Newcastle United 1 Aston Villa 0
The last English team to be crowned kings of Europe were obliged to test their sovereign mettle in the kind of fiery foreign parts Kenny Dalglish and his pretenders will enter on Wednesday night.
The Newcastle United manager will probably be reminding his likely lads of that before they line up in Zagreb's Maksimir Stadium. Liverpool's 1984 European Cup coronation would never have taken place had they not survived an evening in the Basque cauldron of the San Mames Stadium.
Dalglish was in the Liverpool team which ventured there as supposed second- round fall guys after a goal-less first leg at Anfield. So was Ian Rush. He headed the goal that silenced San Mames and broke Athletic Bilbao.
There will be no Rush job in Zagreb, the veteran poacher having signed on Dalglish's dotted line too late to qualify for the latest round of European ties. Unlike Liverpool on that distant Spanish night, however, Newcastle will have a lead to protect.
They will need that 2-1 advantage on the evidence Croatia Zagreb and their creative spark Silvio Maric (a Maric made in heaven, it seems) provided at St James' Park two weeks ago. They are likely to need something more, too: the kind of steel which blunted Aston Villa.
It augured well that Messrs Hansen and Lawrenson, rearguard rocks in that Bilbao battle and reunited as Uncle Des' left-hand men in the Match of the Day studio, should point to redoubtable defending in the home ranks as the highlight of the Saturday matinee at St James'.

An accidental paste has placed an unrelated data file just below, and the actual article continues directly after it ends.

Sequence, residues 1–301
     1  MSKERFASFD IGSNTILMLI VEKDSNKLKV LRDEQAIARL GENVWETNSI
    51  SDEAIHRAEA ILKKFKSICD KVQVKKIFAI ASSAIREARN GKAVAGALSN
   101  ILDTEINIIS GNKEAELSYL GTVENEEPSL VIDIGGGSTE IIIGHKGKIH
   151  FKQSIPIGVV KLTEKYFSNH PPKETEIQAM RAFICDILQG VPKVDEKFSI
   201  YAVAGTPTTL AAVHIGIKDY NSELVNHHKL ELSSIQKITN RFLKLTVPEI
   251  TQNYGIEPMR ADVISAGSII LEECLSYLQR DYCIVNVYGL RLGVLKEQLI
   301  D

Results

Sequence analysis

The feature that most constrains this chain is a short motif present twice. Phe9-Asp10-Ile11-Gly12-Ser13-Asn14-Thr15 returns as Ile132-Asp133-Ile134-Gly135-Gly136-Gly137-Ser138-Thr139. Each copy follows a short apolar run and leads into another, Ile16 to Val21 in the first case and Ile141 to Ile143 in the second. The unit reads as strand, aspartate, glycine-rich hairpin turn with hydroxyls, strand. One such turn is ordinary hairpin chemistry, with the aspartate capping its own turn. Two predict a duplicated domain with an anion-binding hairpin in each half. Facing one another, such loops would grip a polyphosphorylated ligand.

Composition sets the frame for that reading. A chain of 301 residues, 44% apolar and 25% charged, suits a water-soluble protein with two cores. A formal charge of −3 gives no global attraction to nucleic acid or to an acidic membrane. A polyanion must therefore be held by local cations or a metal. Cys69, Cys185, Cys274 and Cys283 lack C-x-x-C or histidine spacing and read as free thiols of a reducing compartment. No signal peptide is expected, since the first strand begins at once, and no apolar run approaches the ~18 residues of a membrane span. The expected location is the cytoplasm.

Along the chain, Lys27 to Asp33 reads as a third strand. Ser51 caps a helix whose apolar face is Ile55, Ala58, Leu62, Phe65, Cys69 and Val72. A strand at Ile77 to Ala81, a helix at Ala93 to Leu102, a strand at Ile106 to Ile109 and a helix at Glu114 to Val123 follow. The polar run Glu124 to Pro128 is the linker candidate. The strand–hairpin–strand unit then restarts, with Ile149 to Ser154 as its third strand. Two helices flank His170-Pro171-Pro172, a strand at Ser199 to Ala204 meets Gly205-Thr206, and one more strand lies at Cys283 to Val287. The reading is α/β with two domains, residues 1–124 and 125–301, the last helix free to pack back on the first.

Dwight Yorke missed from sitter distance and Stan Collymore dropped wide a long range effort but Shay Given only had one save of note to make in 90 minutes, more than a third of which Newcastle played with a numerical disadvantage, following David Batty's dismissal.
Where not so long ago Philippe Albert looked a lost cavalier, at the heart of the Newcastle defence, there are now two not so much roundheads as truly rounded players blending him into a promisingly proficient new back line.
Like Albert, a Champions' League campaigner in his Anderlecht days, they both have top level European experience too. Alessandro Pistone was a Uefa Cup finalist with Internazionale last season and, while Stuart Pearce had limited Continental club exposure with Nottingham Forest, he has of course played for his country in the European Championship semi-finals.
With Faustino Asprilla having arrived too late from World Cup duty in his native Columbia, John Beresford continued in his new-found role of Magpie marksman, shooting his third goal in two games. It was the central defensive trio, though, which anchored Newcastle to victory.
Their new stability has yet to be put to the test away from St James' Park, but the signs on Saturday were certainly encouraging.
Goal: Beresford (12) 1-0.
Newcastle United (3-5-1-1): Given; Pistone, Albert, Pearce; Watson, Gillespie, Batty, Lee, Beresford; Ketsbaia (Barton, 53); Rush (Tomasson, 84). Substitutes not used: Howey, Elliott, Hislop (gk).
Aston Villa (5-3-2): Bosnich; Charles, Ehiogu, Southgate, Scimeca (Nelson, 69) Staunton (Wright, 69); Taylor, Draper, Grayson (Joachim, 69); Yorke, Collymore. Substitutes not used: Milosevic, Oakes (gk).
Referee: G Willard (Worthing).
Sending-off: Newcastle: Batty. Bookings: Newcastle: Batty, Ketsbaia, Albert. Villa: Ehiogu, Collymore, Southgate.
Man of the match: Pistone.